After a few weeks in London attempting to sort my life out, I flew to Cuba to spend ten days with one of my best friends, Jackie, who is a master planner. This turned out to be a huge advantage whilst travelling around Cuba, as Wi-Fi is hard to come by, making it difficult to plan as you go along.
We spent our first few days in Havana. Arriving in Havana was like being transported back in time. I was expecting the iconic vintage cars and the colourful buildings to be few and far between, but they make up the whole of the city. In fact, it’s more unusual to see a modern car than a vintage car. We did a tour of the city in a pink car, which I absolutely loved. However, the black clouds of exhaust fumes that the vintage cars emit linger in the streets and pollute the city. We mostly walked around Havana by foot; Jackie had downloaded an offline map on her phone, which saved us an enormous amount of time and taxi journeys.
A number of people had mentioned that they were not impressed by the food in Cuba. We found it to be fine, but I imagine that Jackie’s rigorous hunting down of quality restaurants helped hugely. My favourites were La Guarida (a stunning building with a great rooftop bar), El del Frente (great food all round) and Café el Dandy (fabulous vegetarian tacos). We stayed in casas particulares, which are Cuba’s bed and breakfast equivalents, and each morning they offered us eggs, bread, fresh fruit, a smoothie and sometimes pancakes too.
Cuba seemed to have very few, if any, supermarkets. Instead, we mostly came across small shops, which were not well advertised, and I have never found it so difficult to find bottled water. I had one day in Havana alone before Jackie joined me and I spent nearly two hours trying to find some. I asked 15 people if they knew where to buy water and, in total desperation, ended up asking a shop that sold kitchens and bathrooms if they stocked water (unsurprisingly, they didn’t).
After our few days in Havana, we travelled to Vinales via a collectivo taxi, which are shared taxis that casas and hotels can help you book. We both loved Vinales. We stayed at an amazing casa called Villa Las Flores, where the owners taught us salsa dancing every evening and plied us with rum-based cocktails.
Vinales is adjacent to a national park. The best way to see the park is by a horseback tour; most of which include a stop at a tobacco plantation. At one point we were all given a freshly-made cigar to smoke. I don’t think there was any doubt amongst the group that Jackie and I were amateur cigar smokers, judging by the all the coughing and spluttering that was coming from our direction.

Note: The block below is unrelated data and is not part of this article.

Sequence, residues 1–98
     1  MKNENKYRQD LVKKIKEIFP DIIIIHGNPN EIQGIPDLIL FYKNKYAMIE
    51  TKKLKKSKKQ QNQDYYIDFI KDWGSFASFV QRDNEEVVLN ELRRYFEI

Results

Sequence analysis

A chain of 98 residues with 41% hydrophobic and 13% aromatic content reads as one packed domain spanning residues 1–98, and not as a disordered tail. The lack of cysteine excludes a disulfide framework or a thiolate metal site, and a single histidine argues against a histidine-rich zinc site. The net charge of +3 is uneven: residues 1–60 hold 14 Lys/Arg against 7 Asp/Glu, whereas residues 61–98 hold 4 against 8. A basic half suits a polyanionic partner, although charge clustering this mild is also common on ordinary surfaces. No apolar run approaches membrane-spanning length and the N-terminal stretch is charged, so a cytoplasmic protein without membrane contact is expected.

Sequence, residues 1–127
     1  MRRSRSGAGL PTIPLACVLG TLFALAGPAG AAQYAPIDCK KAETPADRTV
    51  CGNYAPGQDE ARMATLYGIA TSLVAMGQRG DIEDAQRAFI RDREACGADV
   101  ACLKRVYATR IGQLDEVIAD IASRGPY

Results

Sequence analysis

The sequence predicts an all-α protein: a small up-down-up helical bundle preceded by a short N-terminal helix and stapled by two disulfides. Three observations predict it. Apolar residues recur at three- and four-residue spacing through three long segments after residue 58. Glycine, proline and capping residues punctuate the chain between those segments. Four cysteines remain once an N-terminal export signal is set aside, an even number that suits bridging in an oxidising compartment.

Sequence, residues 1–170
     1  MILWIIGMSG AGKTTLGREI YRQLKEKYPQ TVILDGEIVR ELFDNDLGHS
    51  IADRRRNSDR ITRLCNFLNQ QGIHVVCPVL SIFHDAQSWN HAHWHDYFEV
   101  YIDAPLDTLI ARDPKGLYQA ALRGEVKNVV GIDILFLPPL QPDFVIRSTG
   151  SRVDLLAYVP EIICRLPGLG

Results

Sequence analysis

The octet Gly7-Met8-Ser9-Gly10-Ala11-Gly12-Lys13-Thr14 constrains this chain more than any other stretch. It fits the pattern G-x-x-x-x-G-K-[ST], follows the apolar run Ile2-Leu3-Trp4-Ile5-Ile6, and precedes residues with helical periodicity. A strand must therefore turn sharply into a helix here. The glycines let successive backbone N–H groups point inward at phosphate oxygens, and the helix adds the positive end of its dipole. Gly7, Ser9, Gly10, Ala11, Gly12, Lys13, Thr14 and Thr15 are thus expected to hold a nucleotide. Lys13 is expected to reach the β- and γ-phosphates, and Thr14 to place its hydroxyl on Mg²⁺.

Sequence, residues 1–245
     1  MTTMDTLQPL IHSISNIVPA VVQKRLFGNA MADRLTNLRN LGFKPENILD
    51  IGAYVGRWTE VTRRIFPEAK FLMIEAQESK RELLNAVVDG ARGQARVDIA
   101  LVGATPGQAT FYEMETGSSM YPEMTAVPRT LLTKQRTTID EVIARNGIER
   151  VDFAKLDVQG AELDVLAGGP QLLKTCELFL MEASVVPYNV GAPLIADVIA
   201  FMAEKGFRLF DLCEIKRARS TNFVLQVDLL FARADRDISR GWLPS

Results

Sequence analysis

As well as a beautiful national park, there are two beautiful beaches close to Vinales: Cayo Jutias and Cayo Levisa. We did a day trip to Cayo Jutias. It was billed as being 45 minutes away from Vinales, but it took more like one and a half hours. Fortunately, we happened to share a collectivo taxi with a fun group of fellow tourists and proceeded to spend the entire day at the beach with them. We returned just in time for dinner at our casa, before exploring the centre of Vinales and ending up in a club just off the main square. I found myself another unofficial local salsa dancing teacher, who threw me around the dance floor and firmly but fairly stopped me in my tracks the second I put a foot wrong.
The following day we travelled to Playa Larga. We stayed at a casa that was directly on the beach, swam in the sea every day and ate at restaurants that were just a few doors down from our casa. It was all very relaxing and easy, but our time in Playa Larga was slightly tainted by the huge number of mosquitoes. I managed to comes away largely unscathed, but for poor Jackie it was another story. One afternoon, we tried counting the number of mosquito bites on her body, but stopped when we got to the 400 mark. And that was with using mosquito repellent.
We spent our final night back in Havana with a family friend who had looked after us very well over the ten days. We met him and a group of his friends at a bar near a famous club called Fabrica de Arte Cubano. A number of people had mentioned Fabrica to us, so we were looking forward to visiting it on our last night in Cuba, but when we arrived we came across a queue that was a mile long. Fortunately, my family friend had a VIP card for two people that he very kindly gave to Jackie and I so we could skip the hours of queuing. Fabrica was definitely unique; I would describe it as half art gallery, half nightclub.
After what felt like hundreds of philosophical conversations and $2 mojitos, Jackie and I said our goodbyes and I jumped on a plane headed for Mexico.